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Lung metastasis 21 years after initial diagnosis of osteosarcoma: a case report
© Halldorsson et al; licensee BioMed Central Ltd. 2009
Received: 2 July 2008
Accepted: 24 November 2009
Published: 24 November 2009
To the best of our knowledge, this case report describes the longest disease-free interval between primary diagnosis and metastatic recurrence of an osteosarcoma.
A 35-year-old Caucasian American man presented with asymptomatic lung metastases 21 years after being diagnosed and treated for lower extremity osteosarcoma. He underwent curative lung resection, but 2 years thereafter developed metastatic disease in the scapula and tibia and, after resection and chemotherapy, is in remission 1 year later.
This case highlights the importance of long follow-up periods and continued surveillance of osteosarcoma patients after initial curative treatment.
Osteosarcoma is the third most common cancer in adolescence, after lymphomas and brain tumors. One-third of patients who present with osteosarcoma will have recurrent disease. Within the recurrent disease group, 95% of relapses occur within the first 5 years, with the lung as the most common site of metastases. Reported relapses beyond 10 years are rare in the literature. We describe the case of a 35-year-old man who presented with lung metastasis 21 years after undergoing surgical resection and adjuvant chemotherapy for osteosarcoma of the femur. The patient underwent a curative resection. Histological studies described this calcified lesion as osteosarcoma, thereby confirming, to the best of our knowledge, the longest known disease-free interval to metastatic recurrence reported in the English literature. We discuss the relevant clinical knowledge regarding late relapse of osteosarcoma.
At the age of 14, the patient was diagnosed with osteosarcoma of the left femur. He received neoadjuvant chemotherapy consisting of doxorubicin and cisplatin, and underwent above-the-knee amputation of his left leg. Adjuvant chemotherapy included doxorubicin, methotrexate and vincristine.
Osteosarcoma is the most common primary malignancy of the bone, with a peak incidence in the second decade and an additional peak of incidence in elderly individuals . Historically, prognosis was abysmal, and although the addition of aggressive chemotherapeutic regiments to surgical excision has improved long-term survival, 30% to 40% of patients develop metastases , with the lung as the most common metastatic location [1, 3–6]. It has been suggested that the addition of aggressive chemotherapy has altered the incidence, location and timing of metastasis . Almost one-third of patients with osteosarcoma will experience recurrence of the disease. In these patients, 95% of relapses will occur within 5 years of the initial diagnosis, with an average time to relapse of 1.6 years [1, 7]. The lung is the most common site of metastasis, with 77% to 92% of patients experiencing recurrence at this site , and an average survival after recurrence of less than 1 year . Patients in a second remission have a 70% to 80% chance of second relapse within 1 year .
Late recurrence is usually described as occurring more than 5 years after primary osteosarcoma treatment. However, the recorded cases with the longest time spans before recurrence are all of local recurrence, such as the report by Lau et al., which describes local recurrence 20 years after surgery . The Rizzoli Institute study examined 648 patients from 1983 to 1997, with the longest local recurrence at 19.3 years. The longest time interval reported of metastatic recurrence in the Rizzoli study was 11.4 years. The Cooperative Osteosarcoma Study (COSS), in an analysis of 1,702 osteosarcoma patients treated between 1980 to 1998, described the longest time interval before recurrence at 14.3 years .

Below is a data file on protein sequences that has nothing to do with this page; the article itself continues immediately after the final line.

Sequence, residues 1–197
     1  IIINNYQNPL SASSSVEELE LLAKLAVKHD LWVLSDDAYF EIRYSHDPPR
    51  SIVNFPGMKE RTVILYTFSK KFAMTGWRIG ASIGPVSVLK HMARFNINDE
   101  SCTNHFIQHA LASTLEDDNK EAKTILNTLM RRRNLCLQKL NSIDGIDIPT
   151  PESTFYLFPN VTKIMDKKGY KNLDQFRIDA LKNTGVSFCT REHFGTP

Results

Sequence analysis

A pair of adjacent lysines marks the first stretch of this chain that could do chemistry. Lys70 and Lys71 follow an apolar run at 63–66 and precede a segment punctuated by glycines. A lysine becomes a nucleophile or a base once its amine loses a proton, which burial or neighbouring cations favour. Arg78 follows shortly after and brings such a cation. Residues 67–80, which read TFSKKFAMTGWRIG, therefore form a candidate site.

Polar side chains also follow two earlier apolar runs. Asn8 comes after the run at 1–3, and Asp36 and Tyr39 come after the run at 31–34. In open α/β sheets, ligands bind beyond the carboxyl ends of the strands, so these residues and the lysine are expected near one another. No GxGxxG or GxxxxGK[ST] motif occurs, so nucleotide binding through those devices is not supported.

In 2004, Strauss and colleagues published an article describing eight patients seen at the London Bone and Soft tissue Tumor Service who had relapsed after long disease-free intervals . The article also reviewed seven major studies on late relapse, defined as recurrence greater than 5 years after initial diagnosis, in patients treated for localized osteosarcoma. These seven studies included literature over a total of 23 years from Memorial Sloan Kettering, the Cooperative Osteosarcoma Study (COSS-86) analysis, three separate studies from the Rizzoli Institute, the Cooperative Osteosarcoma Study (COSS) intergroup analysis and Strauss' examination of 484 patients in London. Late relapse, defined as recurrence greater than 5 years after initial diagnosis, occurred in 57 out of 2,924 patients, an incidence of 1.9%. The longest disease-free interval to recurrence was the one previously mentioned from the COSS study at 14.3 years after treatment.
The most recent study on late recurrence comes from the Rizzoli Institute in 2006 and included 648 patients with non-metastatic osteosarcoma to determine predictive factors for late recurrence . Twenty-four out of the 648 patients had late recurrent disease, and 20 out of the 24 patients who recurred had pulmonary metastases. The longest disease-free interval to metastatic recurrence was 11.4 years.
Our patient was initially treated for osteosarcoma with surgical resection and chemotherapy, and presented 21 years later with a single metastasis to the right lung. Osteosarcomas are the least likely bone tumors to relapse late, making this case even more unusual. This case represents the longest disease-free interval to metastatic recurrence in the English literature, and underscores the need for continued surveillance of osteosarcoma patients.
Written informed consent was obtained from the patient for publication of this case report and any accompanying images. A copy of the written consent is available for review by the Editor-in-Chief of this journal.
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